Study: Zebra finches learn songs from their fathers

Birds learn their signature song the same way way timing-dependent motor skills are acquired by most animals.
By Brooks Hays   |   Nov. 30, 2015 at 5:38 PM

BOSTON, Nov. 30 (UPI) -- Neuroscientists at MIT have detailed the song-learning process by studying the brains of zebra finches, a small Australian songbird.

In the first two weeks of life, young birds progress from baby-like babbles to repetition of a distinct syllable. This syllable is then varied slightly to form other syllables, until the bird has acquired a repertoire of three to seven syllables. Strung together, these syllables form the bird's signature song.

Researchers monitored the birds brains during their learning process, watching as an original string of neurons were first triggered to form the first syllable and then repurposed as a new neural pathway is fixed for each new syllable.

The research is detailed in a paper, newly published in the journal Nature.

Previously, researchers at MIT identified a part of the bird brain, made up of so-called HVC neurons, essential to singing. Their research into the songs of adult birds showed a short burst of activity -- 10 milliseconds or less -- during the singing of their one-second songs.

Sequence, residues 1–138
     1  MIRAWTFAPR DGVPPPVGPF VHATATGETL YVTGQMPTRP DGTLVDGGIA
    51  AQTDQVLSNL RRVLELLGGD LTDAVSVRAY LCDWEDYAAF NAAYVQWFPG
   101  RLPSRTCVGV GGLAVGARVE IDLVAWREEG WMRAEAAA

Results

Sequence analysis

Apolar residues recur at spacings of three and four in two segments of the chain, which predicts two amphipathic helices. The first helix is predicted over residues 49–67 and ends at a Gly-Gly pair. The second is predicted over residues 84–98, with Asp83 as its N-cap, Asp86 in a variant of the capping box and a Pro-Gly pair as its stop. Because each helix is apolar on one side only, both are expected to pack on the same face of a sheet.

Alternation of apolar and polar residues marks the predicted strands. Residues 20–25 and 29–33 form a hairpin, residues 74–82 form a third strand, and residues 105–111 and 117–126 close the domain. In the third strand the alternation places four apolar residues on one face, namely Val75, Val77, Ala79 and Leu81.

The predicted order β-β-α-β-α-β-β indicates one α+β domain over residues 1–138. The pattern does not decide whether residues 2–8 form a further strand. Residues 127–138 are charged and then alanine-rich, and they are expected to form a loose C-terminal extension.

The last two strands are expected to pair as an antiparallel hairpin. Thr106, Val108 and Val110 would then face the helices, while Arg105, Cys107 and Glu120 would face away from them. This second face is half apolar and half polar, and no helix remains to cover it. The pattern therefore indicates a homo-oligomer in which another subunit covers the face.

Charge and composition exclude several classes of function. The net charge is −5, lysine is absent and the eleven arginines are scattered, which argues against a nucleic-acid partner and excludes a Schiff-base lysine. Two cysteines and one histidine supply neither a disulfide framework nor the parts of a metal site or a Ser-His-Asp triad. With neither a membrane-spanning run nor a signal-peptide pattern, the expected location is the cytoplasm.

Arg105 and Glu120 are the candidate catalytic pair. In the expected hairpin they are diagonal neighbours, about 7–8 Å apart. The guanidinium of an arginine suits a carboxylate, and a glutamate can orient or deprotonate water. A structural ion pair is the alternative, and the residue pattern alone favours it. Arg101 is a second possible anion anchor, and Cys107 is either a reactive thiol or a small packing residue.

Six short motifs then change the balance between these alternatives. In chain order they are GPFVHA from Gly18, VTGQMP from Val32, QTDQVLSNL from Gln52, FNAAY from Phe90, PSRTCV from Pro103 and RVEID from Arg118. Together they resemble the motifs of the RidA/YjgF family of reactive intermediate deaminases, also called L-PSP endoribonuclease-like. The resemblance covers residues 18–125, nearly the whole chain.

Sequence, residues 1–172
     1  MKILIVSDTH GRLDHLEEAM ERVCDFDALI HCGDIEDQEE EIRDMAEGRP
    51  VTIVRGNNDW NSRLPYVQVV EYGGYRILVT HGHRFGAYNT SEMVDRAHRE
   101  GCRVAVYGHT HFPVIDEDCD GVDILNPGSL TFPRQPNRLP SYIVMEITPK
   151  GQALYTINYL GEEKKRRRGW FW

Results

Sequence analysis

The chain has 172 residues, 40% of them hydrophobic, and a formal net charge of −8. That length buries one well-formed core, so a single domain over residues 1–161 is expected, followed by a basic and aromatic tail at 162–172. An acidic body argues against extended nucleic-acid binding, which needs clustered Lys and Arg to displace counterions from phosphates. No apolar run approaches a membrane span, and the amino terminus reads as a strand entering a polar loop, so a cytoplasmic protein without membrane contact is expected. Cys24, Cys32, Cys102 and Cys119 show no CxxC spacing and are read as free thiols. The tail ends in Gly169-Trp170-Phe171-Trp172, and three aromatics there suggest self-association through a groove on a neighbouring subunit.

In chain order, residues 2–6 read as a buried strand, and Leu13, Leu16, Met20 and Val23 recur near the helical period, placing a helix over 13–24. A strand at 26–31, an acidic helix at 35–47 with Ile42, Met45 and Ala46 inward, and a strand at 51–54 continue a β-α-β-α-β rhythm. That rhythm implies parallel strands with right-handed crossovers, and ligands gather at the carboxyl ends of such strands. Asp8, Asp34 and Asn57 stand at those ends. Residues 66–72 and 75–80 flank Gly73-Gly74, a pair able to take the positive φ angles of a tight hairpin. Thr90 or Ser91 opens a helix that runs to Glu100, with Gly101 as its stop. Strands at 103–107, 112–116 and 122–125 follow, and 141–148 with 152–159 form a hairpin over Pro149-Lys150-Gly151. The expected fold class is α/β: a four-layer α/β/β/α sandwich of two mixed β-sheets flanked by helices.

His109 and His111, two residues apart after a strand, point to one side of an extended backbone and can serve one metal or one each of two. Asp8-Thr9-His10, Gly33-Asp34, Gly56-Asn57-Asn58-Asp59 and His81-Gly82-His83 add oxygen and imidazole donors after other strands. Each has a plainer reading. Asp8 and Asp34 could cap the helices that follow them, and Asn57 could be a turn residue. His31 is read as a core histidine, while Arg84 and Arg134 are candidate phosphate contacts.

The latest experiment shows how the pathways among a bird's HVC neurons are established during each bird's formative years, from an initial sequence to a few varied patterns. The birds learn the initial sequence by mimicking their father's song.

"From that short sequence it splits into new sequences for the next new syllables," Emily Mackevicius, an MIT graduate student and one of the authors of the new paper, said in a press release. "It starts with that short chain that has a lot of redundancy in it, and splits off some neurons for syllable A and some neurons for syllable B."

Scientists say the neural mechanism detailed in their latest work likely resembles the way timing-dependent motor skills are acquired by most animals. A human, for example, may adapt neural pathway formed for a tennis stroke when later learning a ping pong stroke.

"This is a very natural way for motor patterns to evolve, by repeating something and then molding it, but until now nobody had any good data to understand how the brain actually does that," Ofer Tchernichovski, a professor of psychology at Hunter College who did not participate in the study, told MIT News. "What's cool about this paper is they managed to follow how brain centers govern these transitions from simple repetitive patterns to more complex patterns."

The mechanism may also explain how genes are duplicated for new-but-related functionality over the course of evolution.

"If you duplicate a gene, then you could have separate mutations in both copies of the gene and they could eventually do different functions," said Tatsuo Okubo, a former MIT graduate student and lead author of the new study.

"It's similar with motor programs. You can duplicate the sequence and then independently modify the two daughter motor programs so that they can now each do slightly different things."

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